Pope John Paul II looks at a white dove freed at the end of the Angelus prayer in St. Peter's square - File Photo
Pilgrims and residents of the Holy Land are reflecting on the legacy of Pope John Paul II. The pope found favor with Christians, Muslims and Jews alike.

Pilgrims from around the world visited the Church of the Holy Sepulcher in Jerusalem's Old City, as Pope John Paul II was laid to rest. For Thomas Chang of Taiwan, it was a moment to reflect on the pope's life.

"I like him, because he really was not staying just in the Vatican, but actually went out to see the people and, you know, spread the gospels,"  he said.

Others are looking ahead. "We would pray that a great spiritual man will be elected and have a new pope who loves peace and [has a] love for humanity," Sam Yoo of South Korea told VOA.

Ibrahim Zarour, a Muslim gatekeeper at the church, remembers the pope's historic pilgrimage to the Holy Land five years ago.

"He never looked at people as Muslim, or as a Jewish or as Christian," said Ibrahim Zarour. "He always wanted everybody to be with everybody, and everybody to live with everybody."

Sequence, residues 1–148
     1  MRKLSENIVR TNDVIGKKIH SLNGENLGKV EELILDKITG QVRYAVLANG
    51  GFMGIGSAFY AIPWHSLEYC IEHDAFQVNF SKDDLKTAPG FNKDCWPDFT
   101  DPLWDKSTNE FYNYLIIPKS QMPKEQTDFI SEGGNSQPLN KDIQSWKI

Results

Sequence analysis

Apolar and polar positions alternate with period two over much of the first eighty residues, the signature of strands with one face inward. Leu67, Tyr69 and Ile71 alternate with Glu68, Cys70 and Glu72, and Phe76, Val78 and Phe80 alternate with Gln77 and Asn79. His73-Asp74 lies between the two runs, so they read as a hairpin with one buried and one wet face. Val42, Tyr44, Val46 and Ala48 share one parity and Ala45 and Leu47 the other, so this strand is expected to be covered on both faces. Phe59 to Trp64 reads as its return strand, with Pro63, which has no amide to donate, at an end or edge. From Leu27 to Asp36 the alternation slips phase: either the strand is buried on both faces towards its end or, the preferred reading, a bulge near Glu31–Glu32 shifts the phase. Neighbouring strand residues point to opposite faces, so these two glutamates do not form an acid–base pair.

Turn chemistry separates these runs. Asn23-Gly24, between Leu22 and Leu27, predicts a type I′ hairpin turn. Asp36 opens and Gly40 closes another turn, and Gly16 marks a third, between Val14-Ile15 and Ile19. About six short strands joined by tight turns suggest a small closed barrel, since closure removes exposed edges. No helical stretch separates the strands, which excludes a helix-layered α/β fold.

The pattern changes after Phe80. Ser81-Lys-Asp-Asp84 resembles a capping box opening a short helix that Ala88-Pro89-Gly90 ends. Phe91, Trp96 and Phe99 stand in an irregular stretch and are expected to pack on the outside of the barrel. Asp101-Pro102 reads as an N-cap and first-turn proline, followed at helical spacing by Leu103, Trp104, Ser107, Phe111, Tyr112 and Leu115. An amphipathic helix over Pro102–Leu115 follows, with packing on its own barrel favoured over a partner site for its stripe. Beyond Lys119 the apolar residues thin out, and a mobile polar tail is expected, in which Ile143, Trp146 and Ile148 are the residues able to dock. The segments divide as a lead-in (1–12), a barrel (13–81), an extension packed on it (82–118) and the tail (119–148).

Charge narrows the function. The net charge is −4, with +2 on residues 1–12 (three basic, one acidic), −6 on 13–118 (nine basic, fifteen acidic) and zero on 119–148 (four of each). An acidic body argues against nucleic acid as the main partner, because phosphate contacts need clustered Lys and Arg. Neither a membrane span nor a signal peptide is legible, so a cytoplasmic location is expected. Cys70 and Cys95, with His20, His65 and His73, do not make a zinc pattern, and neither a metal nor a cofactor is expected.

During his pilgrimage, the pope asked the Jewish people for forgiveness for centuries of persecution by the Catholic Church. And that won the hearts of Israelis. Israel's former Chief Rabbi Yisrael Meir Lau is a Holocaust survivor, who met the pope five times.

"He bridged the gap between nations, religions, races, countries," the Rabbi said.

Israeli Holocaust survivor Idit Tzirer recalls how she was saved by a young Polish seminarian in 1945, who later became Pope John Paul II. Just liberated from a Nazi labor camp at age 13, she was freezing and starving.

"He gave me hot tea and food, and then carried me on his back three miles to safety," Mrs. Tzirer told Israel Radio. "He appeared like an angel from heaven."